Kelly’s Goal in Honor of Earth Day’s 50th Anniversary
- posted on: April 17, 2020
- posted by: Robin Crowder
Updated 4/22/20 with Kelly’s results. Scroll to the end to learn how she did with her goal.
Hi there! I’m Kelly, the facility manager at 21 Acres. In order to celebrate the 50th anniversary of Earth Day, I am focusing on reducing the carbon footprint of the foods I eat. Because I am honoring the idea of making a change, aiming for a more plant-based diet is my main challenge and focus.
Food produces about 17% of greenhouse gas (GHG) emissions per household with the average 2,600 kcal diet emitting an estimated 2.5 tons of carbon dioxide equivalent (CO2e) per year.
GreenEatz discusses 7 ways we can help fight climate change related to what and how we cook and eat:
- Eat Vegetarian
- Cook Meals at Home
- Cook Smartly
- Eat Organic
- Save Water
- Shop Wisely
- Shop Local
I am lowering my footprint by: eating lower down on the food-chain, eating home-cooked meals, eating as much locally-sourced food as I can (primarily by building my menus around foods we carry in the 21 Acres Farm Market), and using my InstaPot as much as possible as it is an efficient way to cook. For one week in April, I am going to track my food use and consumption. I will calculate the equivalent greenhouse gas emissions in vehicle miles of everything I consume. In order to off-set these carbon emissions, I will use an alternative form of transportation, lower my thermostat, lower my hot water heater setting, and air-dry my laundry.
It won’t be an exact science; I will do the best that I can and will provide an update at the end of my week.
And here is how I am getting started…..
It all starts with research and gathering data to build a spreadsheet. I am using data from the Environmental Working Group’s Meat Eater’s Guide to Climate Change and Health to obtain the equivalent carbon emissions of the foods that I am eating.
A simplified graphic is below:
My numbers will be biased high as these emission estimates are based on conventional production and distribution methods and not organic, locally-sourced foods. In addition, vehicle miles are based on 21.6 miles per gallon (mpg) and I drive a hybrid. Therefore, I re-calculated the vehicle miles based on my vehicle’s fuel efficiency using an assumption of 1 gallon of gasoline emits 8,887 grams of CO2.
Here is a picture of some of the foods I will be eating:
Fresh, local fruits and veggies, split peas, lentils, and polenta, hazelnuts, dried cranberries, and chocolate hazelnut butter. As you can see, I do not want to give up a few things that bring me joy in life, coffee, wine, and chocolate. I will be drinking coffee from Hawaii (actual brand not shown). I had to research coffee GHG emissions and discovered that 50% of all carbon emissions from coffee consumption are generated at the café. I make my coffee at home and will be using an emission rate of 5 pounds of CO2 per pound of coffee beans.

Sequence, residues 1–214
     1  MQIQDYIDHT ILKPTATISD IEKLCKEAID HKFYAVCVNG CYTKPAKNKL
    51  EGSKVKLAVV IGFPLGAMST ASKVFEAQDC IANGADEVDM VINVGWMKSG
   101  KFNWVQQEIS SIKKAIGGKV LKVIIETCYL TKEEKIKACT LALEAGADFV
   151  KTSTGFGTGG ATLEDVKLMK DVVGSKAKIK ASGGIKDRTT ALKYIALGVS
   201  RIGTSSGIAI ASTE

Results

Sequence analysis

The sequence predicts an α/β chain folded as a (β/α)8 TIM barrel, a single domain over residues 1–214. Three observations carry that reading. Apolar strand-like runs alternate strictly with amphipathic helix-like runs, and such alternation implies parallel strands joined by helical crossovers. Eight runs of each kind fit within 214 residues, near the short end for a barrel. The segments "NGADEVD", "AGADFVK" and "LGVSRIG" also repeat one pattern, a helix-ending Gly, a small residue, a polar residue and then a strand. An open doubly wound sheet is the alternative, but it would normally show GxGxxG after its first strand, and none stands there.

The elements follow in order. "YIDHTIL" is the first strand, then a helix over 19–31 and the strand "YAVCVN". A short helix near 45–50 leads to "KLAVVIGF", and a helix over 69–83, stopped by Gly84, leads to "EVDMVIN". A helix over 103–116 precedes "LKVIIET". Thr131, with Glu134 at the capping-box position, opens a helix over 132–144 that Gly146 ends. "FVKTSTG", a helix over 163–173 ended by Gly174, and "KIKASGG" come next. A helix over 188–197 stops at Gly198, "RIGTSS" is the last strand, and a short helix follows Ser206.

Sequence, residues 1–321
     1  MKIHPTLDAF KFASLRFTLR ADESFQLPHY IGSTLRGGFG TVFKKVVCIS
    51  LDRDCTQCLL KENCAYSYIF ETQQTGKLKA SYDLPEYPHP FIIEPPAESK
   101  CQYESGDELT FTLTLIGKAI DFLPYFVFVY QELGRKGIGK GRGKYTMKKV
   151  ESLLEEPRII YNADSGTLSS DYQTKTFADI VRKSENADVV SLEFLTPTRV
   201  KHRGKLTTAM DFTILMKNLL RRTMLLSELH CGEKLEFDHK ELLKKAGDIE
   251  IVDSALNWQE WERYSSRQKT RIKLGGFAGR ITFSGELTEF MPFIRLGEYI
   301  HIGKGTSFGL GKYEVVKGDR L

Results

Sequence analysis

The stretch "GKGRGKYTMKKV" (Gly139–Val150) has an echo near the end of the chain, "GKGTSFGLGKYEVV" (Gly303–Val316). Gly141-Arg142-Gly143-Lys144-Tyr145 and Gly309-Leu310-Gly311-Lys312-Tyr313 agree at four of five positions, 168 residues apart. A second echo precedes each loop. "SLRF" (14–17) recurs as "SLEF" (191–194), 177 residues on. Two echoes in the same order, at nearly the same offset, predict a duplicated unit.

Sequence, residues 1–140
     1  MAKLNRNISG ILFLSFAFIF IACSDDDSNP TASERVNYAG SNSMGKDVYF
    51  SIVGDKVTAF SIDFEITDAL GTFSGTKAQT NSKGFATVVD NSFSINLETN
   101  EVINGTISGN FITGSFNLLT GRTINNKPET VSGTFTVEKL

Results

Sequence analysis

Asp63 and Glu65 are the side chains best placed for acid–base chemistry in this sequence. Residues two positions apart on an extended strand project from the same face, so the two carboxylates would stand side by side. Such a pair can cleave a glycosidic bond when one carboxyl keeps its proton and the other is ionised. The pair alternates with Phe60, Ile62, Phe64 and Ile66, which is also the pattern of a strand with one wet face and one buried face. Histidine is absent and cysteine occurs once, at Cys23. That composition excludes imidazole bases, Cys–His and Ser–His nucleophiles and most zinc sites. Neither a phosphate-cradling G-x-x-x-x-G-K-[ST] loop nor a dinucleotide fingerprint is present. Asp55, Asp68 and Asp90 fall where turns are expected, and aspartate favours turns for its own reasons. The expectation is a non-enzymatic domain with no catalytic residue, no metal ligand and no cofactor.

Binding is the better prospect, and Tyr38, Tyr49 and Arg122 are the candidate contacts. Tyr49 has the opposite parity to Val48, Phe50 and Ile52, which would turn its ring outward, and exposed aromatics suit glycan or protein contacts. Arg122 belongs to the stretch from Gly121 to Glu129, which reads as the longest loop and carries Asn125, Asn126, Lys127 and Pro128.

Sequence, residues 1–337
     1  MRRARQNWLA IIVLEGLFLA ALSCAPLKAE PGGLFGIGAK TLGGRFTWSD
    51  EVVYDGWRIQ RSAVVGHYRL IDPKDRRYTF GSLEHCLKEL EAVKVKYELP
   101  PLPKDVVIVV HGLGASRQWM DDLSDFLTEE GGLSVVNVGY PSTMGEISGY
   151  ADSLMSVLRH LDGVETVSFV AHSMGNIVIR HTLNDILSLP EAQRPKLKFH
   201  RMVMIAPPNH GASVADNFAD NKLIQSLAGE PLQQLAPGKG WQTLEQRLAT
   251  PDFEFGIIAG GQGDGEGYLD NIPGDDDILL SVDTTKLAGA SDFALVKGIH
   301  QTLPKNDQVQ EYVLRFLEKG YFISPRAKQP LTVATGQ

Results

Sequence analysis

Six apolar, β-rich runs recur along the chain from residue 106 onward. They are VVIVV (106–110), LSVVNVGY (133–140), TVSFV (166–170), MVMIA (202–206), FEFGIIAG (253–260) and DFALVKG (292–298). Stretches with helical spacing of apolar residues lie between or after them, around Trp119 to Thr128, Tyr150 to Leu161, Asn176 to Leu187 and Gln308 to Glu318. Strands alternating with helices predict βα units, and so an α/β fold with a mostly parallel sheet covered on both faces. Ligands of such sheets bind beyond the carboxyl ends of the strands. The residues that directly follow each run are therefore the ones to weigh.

I already only drink Washington wines (#obelisco4wine) and I am eating fair trade vegan chocolate (and less of it, unfortunately) and will include these emission estimates in my carbon footprint calculations.
I realize my Earth Day commitment is not possible for everyone and tracking my carbon emissions with a spreadsheet happens to be something I enjoy doing. If you are looking for a simple way to reduce your household carbon footprint associated with food, consider joining the Meatless Monday movement:
Lastly, I want to share that I was inspired to choose this action based on the work of Project Drawdown.
Making the transition to a plant-based diet may be the most effective way an individual can stop climate change (excerpted from the book Drawdown). It is ranked 4th on the Project Drawdown list of solutions, presented as a pie chart here:
I hope to report on how I do! Check out this blog in the coming weeks. I’ll share what I learn. If you’re interested in anything I glean from this goal in honor of the 50th Anniversary of Earth Day, please email me: firstname.lastname@example.org.
HOW’D KELLY DO?
First of all, check out Kelly’s great video on Instagram describing her challenge. Kelly’s pretty great isn’t she? Here’s a message from Kelly reflecting upon her week:
I finished my commitment! It was easier than I thought it would be, thanks to making yummy soups in my InstaPot.
My total CO2e emissions for the week were 0.025 tons which scales up to 1.6 tons/year and in line with a vegan diet, although I ate eggs and one can of tuna.
The biggest contributors to my carbon emissions in order were:
1) vegetables, because I ate so many
In order to off-set my emissions due to my diet, I will do a combination of the following, each of which individually would be enough:
1) approximately 100 miles of alternative transportation
2) 10 loads of line-drying my laundry
3) reducing my thermostat by one degree
4) reducing my hot water tank setting
Happy Earth Day everyone!